Bill Pennington
New York Times

Winner - If I really had to pick a winner it would be Tiger Woods.

Watch out for - Sergio Garcia, Ernie Els and Stewart Cink will be three who will go well. Garcia has got to win a major sometime and comes here completely under the radar. Cink played well here last year and has been playing better and Els could do well, especially if Tiger Woods doesn't really shine.

Tiger Woods shares a joke with Robert Karlsson

Lawrence Donegan
The Guardian

Winner - Padraig Harrington. Coming into form and he's found a driver. I just think he's got that look in his eye. I've seen that look before at Royal Birkdale and Carnoustie.

Watch out for - I quite fancy Oliver Wilson to do well. He's a great scrapper and gets up and down and that's what you need here. The course isn't going to play as long, which gives him a chance.

Ken Brown
BBC Sport commentator

Winner - Tiger Woods. Coming back from injury it couldn't have gone any better. Getting through his first event was his first concern, then at Doral he was very good tee to green and his short game at Bay Hill was breathtaking. He's got to be the red-hot favourite.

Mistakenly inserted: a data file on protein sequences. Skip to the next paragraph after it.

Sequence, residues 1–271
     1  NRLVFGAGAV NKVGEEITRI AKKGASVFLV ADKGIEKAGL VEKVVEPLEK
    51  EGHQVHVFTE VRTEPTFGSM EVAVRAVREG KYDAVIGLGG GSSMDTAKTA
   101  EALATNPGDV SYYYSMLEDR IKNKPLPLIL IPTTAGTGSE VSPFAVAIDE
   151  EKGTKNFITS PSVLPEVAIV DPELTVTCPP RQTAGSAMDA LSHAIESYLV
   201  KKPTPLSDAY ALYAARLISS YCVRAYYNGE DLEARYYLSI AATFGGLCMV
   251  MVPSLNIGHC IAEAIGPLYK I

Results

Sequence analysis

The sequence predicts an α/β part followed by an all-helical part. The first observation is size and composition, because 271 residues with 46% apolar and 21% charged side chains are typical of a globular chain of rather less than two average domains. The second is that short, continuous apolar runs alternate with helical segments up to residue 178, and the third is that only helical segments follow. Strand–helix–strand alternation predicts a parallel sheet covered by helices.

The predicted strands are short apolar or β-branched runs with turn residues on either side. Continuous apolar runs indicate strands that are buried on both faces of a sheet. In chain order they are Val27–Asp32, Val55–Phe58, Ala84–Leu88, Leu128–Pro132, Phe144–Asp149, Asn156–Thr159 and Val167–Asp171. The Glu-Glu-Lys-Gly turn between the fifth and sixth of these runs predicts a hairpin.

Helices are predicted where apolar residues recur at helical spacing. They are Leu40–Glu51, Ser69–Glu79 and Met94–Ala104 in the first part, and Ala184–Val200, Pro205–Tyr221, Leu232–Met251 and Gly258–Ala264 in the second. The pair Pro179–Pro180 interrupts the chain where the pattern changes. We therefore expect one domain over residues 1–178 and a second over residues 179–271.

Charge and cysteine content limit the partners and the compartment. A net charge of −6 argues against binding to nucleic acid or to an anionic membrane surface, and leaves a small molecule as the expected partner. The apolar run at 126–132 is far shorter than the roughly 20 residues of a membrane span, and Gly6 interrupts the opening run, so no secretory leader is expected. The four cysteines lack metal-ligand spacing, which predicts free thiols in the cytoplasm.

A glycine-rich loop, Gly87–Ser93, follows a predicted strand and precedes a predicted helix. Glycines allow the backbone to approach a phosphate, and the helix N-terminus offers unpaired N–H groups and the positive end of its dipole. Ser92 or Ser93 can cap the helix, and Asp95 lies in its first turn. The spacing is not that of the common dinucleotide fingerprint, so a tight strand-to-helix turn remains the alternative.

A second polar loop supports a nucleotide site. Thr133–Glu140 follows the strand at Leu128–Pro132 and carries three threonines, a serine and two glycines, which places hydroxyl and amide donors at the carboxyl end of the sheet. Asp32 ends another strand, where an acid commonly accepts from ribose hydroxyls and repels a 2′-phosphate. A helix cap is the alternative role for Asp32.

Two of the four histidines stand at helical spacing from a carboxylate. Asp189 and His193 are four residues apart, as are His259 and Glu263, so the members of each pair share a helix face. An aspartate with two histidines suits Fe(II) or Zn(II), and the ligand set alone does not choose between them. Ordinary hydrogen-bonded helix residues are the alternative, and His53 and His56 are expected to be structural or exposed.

Watch out for - Henrik Stenson. If you take Woods out of it you can pick 30 who have got a really good chance. Stenson has done his time. He's got the power and had an impressive victory at Sun City.

David Facey
The Sun

Winner - Phil Mickelson. Even though he missed the cut last week, his game suits this. I'm not convinced Tiger Woods is going to be quite match sharp enough and I think Mickelson will win three or four Masters at the very least.